F&F: Sustainable Fabrics
We are aware that the textile industry can have a negative impact on the local and social environments where they are made. That is why it is our aim to ensure that the fabrics we choose to make our products with are sourced responsibly and sustainably.
Our aim is to have 100% of the cotton we use in all Tesco products to be sourced sustainably (Better Cotton, organic and recycled) by 2025.
Cotton is the biggest raw material we use which affects thousands of cotton farmers around the world. To help those cotton farmers, we are working to ensure that our cotton has a minimal impact on the environment and that the people producing it get a better deal.
Each year our F&F team procures approximately 28,000 metric tonnes of cotton lint and in our 2018 ranges 88% of the cotton we sourced was produced sustainably, the majority through the Better Cotton Initiative*.
Producing Better Cotton has real economic, social and environmental benefits. Farmers can achieve the following;
*Better Cotton is not physically traceable to end products. However, BCI Farmers benefit from the demand for Better Cotton in equivalent volumes to those we ‘source.’
In 2017, we signed the “Sustainable Cotton Communique” to help source 100% more sustainable cotton by 2025, along with many other brands and retailers.
By working together with other like-minded brands, retailers and suppliers who are committed to transparency and sustainable sourcing, we hope that a significant social and environmental benefit will be achieved wherever cotton is grown.
It is our goal that sustainable cotton simply becomes the new standard for cotton growing. Our customers can be confident that any cotton product they buy from us is made from sustainably sourced cotton.
Sustainable Cotton Ranking 2017
The Sustainable Cotton Ranking report, created by Pesticide Action Network (UK), Solidaridad and WWF, assesses companies who have significant cotton use, and therefore, will have a prominent role in influencing sustainable cotton practices. Of the 75 companies assessed, Tesco ranks 12th.
To ensure the viscose that goes into our F&F clothing is sourced sustainably in 2016 we signed up to the CanopyStyle initiative. This is an industry-wide pledge that has been signed by over 100 fashion brands and retailers to end the use of endangered and ancient forests in the viscose supply chain.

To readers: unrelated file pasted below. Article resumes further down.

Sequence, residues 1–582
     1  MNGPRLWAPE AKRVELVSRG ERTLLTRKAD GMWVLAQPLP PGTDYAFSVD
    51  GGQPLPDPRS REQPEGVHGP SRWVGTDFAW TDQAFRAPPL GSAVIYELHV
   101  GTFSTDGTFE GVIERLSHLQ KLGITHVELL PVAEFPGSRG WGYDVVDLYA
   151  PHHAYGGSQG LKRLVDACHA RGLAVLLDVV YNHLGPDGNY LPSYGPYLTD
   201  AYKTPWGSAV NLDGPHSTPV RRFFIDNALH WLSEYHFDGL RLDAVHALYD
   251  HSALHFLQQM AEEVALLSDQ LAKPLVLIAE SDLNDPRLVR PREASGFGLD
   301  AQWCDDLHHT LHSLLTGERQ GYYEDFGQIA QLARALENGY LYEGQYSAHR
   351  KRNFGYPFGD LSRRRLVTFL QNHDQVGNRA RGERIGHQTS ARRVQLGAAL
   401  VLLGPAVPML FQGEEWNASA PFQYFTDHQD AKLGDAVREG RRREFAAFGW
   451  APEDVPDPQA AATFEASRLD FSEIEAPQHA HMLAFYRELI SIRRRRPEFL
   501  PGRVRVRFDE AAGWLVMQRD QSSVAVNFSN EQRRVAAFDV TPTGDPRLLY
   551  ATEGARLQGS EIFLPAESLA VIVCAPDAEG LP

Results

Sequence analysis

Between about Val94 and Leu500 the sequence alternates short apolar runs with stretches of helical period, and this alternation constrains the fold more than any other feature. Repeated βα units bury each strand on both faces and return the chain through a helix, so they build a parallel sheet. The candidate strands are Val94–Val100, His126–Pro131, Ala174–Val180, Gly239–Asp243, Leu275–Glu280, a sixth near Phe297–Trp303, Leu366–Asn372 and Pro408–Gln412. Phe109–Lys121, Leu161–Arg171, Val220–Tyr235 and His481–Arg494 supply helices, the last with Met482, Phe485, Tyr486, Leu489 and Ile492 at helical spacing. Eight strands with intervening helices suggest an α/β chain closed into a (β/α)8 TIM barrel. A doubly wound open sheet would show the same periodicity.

For 2019, we have introduced recycled polyester into some of our menswear, essentials and school wear garments. By doing this we have recycled over 26 million plastic bottles.
Currently, the formal uniforms worn by our store colleagues are all made from 100% recycled polyester, which has a lower environmental impact than virgin polyester.
We have been building supply chain traceability since 2013, including identifying where all our fabric comes from through our internationally based fabric team.
At F&F, we believe in offering our customers great quality affordable fashion as well as reducing our environmental impact. Our customers trust that we source and produce all of our products in a responsible and ethical way. Through our own actions and collaboration with suppliers all over the world, we are taking positive steps to reduce the impact of chemicals on the environment, use water and energy efficiently, and help customers to recycles textiles.
Eliminating harmful chemicals
One of the biggest positive impacts we can have is by eliminating harmful chemicals used in the production of clothes. According to Greenpeace, the textile industry is the second largest polluter of clean water globally, and responsible for 20 percent of all freshwater pollution. They point to over 3500 chemical substances used to produce textiles and estimate that 10 percent of these are hazardous to human health or the environment.
The foundation of our approach is to build greater visibility and understanding of the chemicals used in our global supply chains, some of which have been identified as hazardous. We then apply a precautionary principle, avoiding substances when they may harm the environment or health even when the type or magnitude of harm is not yet known.
We have taken a systematic approach to chemical management in our F&F business, with three main elements:
|1.||Transitioning from a focus on outputs (i.e. limiting pollution) to a focus on inputs (e.g. better chemical management and the use of safer alternatives).|
|2.||Using our strong relationships with suppliers to improve performance and transparency.|
|3.||Working with industry and sector initiatives to drive best practice.|
We established our first Restricted Substances List (RSL) in 2008, outlining permitted levels for key chemicals. This list has helped us improve the chemical impact of finished garments, and protect workers and consumers by removing chemicals of concern. In line with the industry-wide Zero Discharge of Hazardous Chemicals (ZDHC) initiative, our approach now also focuses on the chemicals used in manufacturing stages, known as the Manufacturing Restricted Substances List (MRSL). When combined, these lists form our Restricted Substances in Textiles, Leather & Footwear List (RSiT) which is at the heart of our current approach.